The collapse of the real estate market has generated a lot of discussion from various pundits about personal responsibility. It has been said that many stranded homeowners especially in the sub-prime category contributed to their own financial woes by taking on a larger mortgage than they could afford, or by reckless borrowing against their equity. There is a lot of truth to this. I know that from my years of experience in the credit industry how people do in fact borrow and spend irresponsibly (sort of like the fiscal policies of the Reagan and Bush Administrations).
But what about consumers who buy property, especially their first homes in good faith, not to take advantage of rising values but instead based on the recommendation of financial professionals who advise their clients to go for it, even if they lack the funds to pay at least 20% down, or simply because they want a piece of the American dream?
That is what happened to my wife and me. We bought our home in 1984. Doing so at that time was against my better judgment, but we were looking for tax relief, and our CPA trotted out the cliche about having nothing to show for renting an apartment but a drawer full of rent receipts, and how home ownership would furnish a tax deduction for the mortgage interest.
We had a solid credit record, no debts, and an excellent combined annual income, so my wife and I certainly did not fit the sub-prime profile . But because we had less than 20% to cover the down payment, we were steered into an ARM (adjustable rate mortgage) which included monthly PMI (private mortgage insurance premiums). Fortunately, we were later able to refinance our way out this loan into a conventional mortgage, but we were still stuck with the PMI premiums for years to come.
As for those who got in over their heads by purchasing more expensive homes than they could really afford, they couldn't have done so without being "enabled" (aided and abetted) by the lenders who financed their mistakes . In the tract that where we purchased our home, many of our neighbors could not keep up their payments or refinance their loans, and thus lost their homes. Just as is happening today in many of today's housing markets across the country, this wave of foreclosures created an instability in our area along with a lot of abandoned properties that the lenders had no incentive to maintain after their repossessions were vacated. Often they would then rent to anyone regardless of their background and qualifications. As a result, the neighborhood deteriorated. In our own case we had a succession of next door neighbors from hell who were financially and mentally unsound and almost drove us nuts as well.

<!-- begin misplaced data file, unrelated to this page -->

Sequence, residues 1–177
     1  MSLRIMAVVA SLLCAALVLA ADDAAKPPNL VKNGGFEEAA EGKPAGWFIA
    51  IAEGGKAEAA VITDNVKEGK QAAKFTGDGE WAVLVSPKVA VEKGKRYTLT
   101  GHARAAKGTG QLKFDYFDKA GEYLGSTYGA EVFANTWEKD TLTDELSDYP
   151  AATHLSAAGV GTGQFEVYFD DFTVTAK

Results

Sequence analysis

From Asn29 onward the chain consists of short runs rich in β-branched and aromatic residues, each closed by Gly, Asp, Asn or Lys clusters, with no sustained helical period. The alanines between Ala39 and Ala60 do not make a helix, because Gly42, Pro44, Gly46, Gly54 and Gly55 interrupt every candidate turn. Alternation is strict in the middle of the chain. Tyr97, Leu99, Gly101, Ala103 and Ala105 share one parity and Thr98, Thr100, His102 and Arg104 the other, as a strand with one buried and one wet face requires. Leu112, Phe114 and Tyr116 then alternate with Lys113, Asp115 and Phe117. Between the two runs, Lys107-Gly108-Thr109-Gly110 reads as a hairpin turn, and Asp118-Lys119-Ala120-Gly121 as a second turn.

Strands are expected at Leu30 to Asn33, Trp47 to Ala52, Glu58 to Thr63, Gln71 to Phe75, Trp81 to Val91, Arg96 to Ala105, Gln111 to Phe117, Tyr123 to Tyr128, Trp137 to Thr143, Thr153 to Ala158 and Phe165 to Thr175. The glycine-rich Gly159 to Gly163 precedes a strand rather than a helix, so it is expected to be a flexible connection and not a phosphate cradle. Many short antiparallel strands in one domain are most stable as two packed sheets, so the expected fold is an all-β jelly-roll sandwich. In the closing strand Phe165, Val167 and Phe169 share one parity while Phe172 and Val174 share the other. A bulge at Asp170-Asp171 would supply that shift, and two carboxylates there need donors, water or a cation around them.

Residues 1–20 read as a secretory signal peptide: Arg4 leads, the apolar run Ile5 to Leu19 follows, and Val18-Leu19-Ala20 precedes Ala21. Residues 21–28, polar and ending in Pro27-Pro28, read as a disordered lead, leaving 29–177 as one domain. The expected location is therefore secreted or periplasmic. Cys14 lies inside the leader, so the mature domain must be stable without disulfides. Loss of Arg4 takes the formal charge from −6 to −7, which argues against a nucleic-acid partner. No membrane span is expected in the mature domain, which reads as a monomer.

In short what we experienced in the 1980's was a foreshadow for the events that are now taking place in the housing market. Being ahead of the times one's time is usually considered an advantage. Instead, for us and many other homeowners of that era it was a disaster. This was shortly after the deregulation of the savings and loan industry, the excesses of which would result in the Keating scandal later in that decade. Meantime, S & L's were going hog wild creating exotic mortgage loan packages to the detriment not only of themselves but of borrowers as well. Sound familiar?
Deregulation and subsequent irresponsible lending played a role in the decline and fall of our neighborhood. We stuck out the aftermath but as I previously mentioned, at great expense to our psychological and financial health. We were trapped there for 16 years before we were finally able to sell our home for an amount that just barely exceeded the original purchase price. But at least we managed to get out in one piece.
The shame and degradation of that fiasco lingers with us through this day, but how much more traumatic it must be for those who lost their homes in the 1980's and for those who are facing foreclosure now. Heartbreak is a timeless emotion.
So when I hear the Republicans' praise of the "free-market" and their insistence on deregulation and "self-policing", the picture that comes to mind especially for the finance industry is pigs regulating themselves at a trough. Yet the government agencies that feed the oinking investment banks with bailouts refuse to spare a scrap for distressed homeowners. This is nothing less than state socialism for the business sector and social Darwinism for the working people.
So it's a wonder how and why the public allowed themselves to be hoodwinked by the Republicans in this decade after the abuses of the 1980's. It's as though the relatively benign fiscal policies of the Clinton era in the 1990's never happened. Well, as the old saying goes: Fool me once shame on you, fool me twice shame on me. All things being equal and after what this country has experienced, if the Democrats lose the election this year, then Americans are a truly hopeless bunch.